p7 saw a significant change to the way that flags (And powers) are stored on objects.
Some background: Flags are implemented internally as an array of bits. To see if a flag is set on an object by name (As in the softcode hasflag() function), you look up the bit position of that flag by its name, and index the object's flag array to see if that bit is 1 or 0. Because new flags can be added at run time with @flag, this bit array is dynamically allocated, and grown if needed. On M*U*S*H, it's currently taking up 9 bytes worth of space.
There are a lot of possible combinations of flags that can be set, but most objects only have a few (Or none) set, and some combinations are more likely than others. Many objects have a set of flags shared by a few or many other objects. On M*U*S*H, again, only 500 out of 12000 objects boast unique combinations of flags that no other object shares.
Before p7, each object in the database had those 9 bytes allocated separately. Again using M*U*S*H as an example, that works out to 107109 bytes, or about 105 kilobytes. There's also some more space being used by malloc() for its record keeping; call it an extra 4 bytes, which increases the space used by flags by half again. On 64 bit systems, it's probably 8 bytes instead, doubling the space. That's almost as much memory as my first computer came with, though it's just a drop in the bucket these days.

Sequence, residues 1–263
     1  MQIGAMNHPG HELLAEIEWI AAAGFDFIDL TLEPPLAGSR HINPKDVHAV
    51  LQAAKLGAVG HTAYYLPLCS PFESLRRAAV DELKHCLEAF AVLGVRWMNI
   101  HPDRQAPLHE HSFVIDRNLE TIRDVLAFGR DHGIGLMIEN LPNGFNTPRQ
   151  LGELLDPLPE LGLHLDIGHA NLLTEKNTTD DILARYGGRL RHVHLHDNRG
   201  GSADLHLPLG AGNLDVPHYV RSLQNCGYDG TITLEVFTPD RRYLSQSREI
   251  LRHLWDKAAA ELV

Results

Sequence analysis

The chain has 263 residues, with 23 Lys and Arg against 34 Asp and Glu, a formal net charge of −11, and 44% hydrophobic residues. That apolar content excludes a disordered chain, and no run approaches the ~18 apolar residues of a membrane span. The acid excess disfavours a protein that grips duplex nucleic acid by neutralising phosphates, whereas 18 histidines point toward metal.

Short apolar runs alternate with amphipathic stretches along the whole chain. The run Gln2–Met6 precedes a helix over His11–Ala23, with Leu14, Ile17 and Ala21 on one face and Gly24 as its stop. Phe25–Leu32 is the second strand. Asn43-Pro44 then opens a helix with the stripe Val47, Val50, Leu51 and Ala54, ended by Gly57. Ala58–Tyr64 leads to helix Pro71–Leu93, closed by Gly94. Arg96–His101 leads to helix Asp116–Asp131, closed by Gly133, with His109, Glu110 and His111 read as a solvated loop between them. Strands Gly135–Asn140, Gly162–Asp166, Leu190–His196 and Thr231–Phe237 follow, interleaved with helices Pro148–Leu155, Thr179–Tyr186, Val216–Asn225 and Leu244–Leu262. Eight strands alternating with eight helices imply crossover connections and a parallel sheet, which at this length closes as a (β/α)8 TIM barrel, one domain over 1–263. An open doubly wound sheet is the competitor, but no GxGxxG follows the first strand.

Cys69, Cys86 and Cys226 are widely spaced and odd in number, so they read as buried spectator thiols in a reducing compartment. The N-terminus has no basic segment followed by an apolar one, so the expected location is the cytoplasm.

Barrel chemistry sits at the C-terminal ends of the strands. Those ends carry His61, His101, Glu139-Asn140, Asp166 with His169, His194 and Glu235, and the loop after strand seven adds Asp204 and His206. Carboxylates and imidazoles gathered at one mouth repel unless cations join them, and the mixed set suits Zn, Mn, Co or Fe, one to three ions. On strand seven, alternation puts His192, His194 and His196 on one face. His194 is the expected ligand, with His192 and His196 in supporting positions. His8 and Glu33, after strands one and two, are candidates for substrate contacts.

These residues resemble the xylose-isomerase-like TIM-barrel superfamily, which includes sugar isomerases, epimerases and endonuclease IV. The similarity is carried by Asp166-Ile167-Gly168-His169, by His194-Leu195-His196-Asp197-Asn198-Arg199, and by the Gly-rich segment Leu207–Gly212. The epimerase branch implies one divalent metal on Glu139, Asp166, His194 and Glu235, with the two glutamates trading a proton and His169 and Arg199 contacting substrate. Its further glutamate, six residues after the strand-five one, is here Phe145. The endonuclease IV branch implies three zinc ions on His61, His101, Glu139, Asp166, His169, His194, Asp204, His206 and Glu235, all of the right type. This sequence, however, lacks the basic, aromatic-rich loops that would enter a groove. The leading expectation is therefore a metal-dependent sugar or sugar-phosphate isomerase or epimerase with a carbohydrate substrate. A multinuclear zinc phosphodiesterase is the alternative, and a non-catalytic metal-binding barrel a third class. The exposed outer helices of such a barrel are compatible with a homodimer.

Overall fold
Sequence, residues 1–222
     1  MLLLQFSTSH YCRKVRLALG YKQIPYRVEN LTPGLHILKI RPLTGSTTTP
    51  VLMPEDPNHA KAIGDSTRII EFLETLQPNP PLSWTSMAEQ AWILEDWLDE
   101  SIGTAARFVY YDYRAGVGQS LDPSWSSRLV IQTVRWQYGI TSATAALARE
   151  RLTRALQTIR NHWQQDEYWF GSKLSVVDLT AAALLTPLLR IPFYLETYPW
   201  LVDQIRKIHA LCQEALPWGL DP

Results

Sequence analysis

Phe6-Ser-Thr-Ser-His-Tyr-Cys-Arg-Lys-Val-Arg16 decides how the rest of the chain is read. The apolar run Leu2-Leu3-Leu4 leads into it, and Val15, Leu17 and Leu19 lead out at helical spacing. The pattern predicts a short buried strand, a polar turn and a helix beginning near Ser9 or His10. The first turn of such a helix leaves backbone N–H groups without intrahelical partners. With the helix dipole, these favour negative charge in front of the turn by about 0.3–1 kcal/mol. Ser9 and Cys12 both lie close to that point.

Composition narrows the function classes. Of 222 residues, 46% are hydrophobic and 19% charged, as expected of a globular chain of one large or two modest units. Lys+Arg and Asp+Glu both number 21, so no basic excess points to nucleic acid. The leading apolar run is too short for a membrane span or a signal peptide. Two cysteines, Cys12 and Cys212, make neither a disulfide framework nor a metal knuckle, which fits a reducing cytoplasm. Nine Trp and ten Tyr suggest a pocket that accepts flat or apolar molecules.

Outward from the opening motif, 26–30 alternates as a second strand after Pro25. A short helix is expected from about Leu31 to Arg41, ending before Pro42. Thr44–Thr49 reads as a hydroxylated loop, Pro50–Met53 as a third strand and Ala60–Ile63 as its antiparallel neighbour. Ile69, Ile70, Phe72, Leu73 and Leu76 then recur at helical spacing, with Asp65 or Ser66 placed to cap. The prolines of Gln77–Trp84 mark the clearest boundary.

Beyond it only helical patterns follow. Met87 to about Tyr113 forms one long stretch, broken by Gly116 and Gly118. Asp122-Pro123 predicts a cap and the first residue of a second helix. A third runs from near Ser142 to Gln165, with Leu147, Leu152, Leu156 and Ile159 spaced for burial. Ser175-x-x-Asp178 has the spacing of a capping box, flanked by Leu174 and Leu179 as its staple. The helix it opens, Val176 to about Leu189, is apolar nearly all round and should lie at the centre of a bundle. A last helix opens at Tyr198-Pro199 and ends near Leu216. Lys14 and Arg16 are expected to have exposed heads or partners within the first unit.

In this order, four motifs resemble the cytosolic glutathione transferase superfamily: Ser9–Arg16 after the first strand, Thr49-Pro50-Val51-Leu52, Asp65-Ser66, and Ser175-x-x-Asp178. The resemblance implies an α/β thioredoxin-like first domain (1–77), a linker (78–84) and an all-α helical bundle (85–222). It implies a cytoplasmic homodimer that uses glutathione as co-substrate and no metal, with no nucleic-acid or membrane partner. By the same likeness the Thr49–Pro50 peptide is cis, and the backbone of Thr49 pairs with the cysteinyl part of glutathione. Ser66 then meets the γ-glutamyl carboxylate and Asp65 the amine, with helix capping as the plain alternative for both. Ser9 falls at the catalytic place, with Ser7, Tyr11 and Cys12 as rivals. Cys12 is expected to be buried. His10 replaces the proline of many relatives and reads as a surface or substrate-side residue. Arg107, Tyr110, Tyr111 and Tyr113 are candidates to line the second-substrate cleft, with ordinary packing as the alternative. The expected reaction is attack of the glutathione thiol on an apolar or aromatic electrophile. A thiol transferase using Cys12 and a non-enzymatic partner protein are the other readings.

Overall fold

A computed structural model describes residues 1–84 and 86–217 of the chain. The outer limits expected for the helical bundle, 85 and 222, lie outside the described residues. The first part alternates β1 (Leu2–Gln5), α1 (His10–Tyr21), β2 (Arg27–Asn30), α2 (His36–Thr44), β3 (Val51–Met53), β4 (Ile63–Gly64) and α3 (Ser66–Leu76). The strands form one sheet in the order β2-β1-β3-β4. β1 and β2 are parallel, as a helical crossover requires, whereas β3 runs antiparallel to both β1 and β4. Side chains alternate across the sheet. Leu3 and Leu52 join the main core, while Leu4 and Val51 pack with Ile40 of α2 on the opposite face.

Starting with p7, objects with the same flags set share the same bit array in memory. All objects only set NO_COMMAND share the same 9 bytes of memory representing their flags, with reference counting to keep track of how many times a particular set of flags is in use so it can be freed when unused. In addition, the bit arrays are stored in slabs, an alternate to malloc that provides minimal overhead, very compact management of pools of small, same-sized chunks of memory. There's some new added memory in the form of a hash table that's used to look up flagsets, but even with it, the amount of memory used by flags is probably 20%-40% of before.
The impact on memory usage is pretty minor (100kB one way or the other isn't going to make a difference unless you're trying to run a big game on mid 90's era hardware), but the sharing and slabification of flag bit arrays helps improve cache locality. The flagsets used by a large percentage of objects are likely to be loaded in at least L2 cache a majority of the time, speeding up access time when checking for a flag — something that's done all the time. That's a larger benefit of shared flagsets than the space savings, IMO.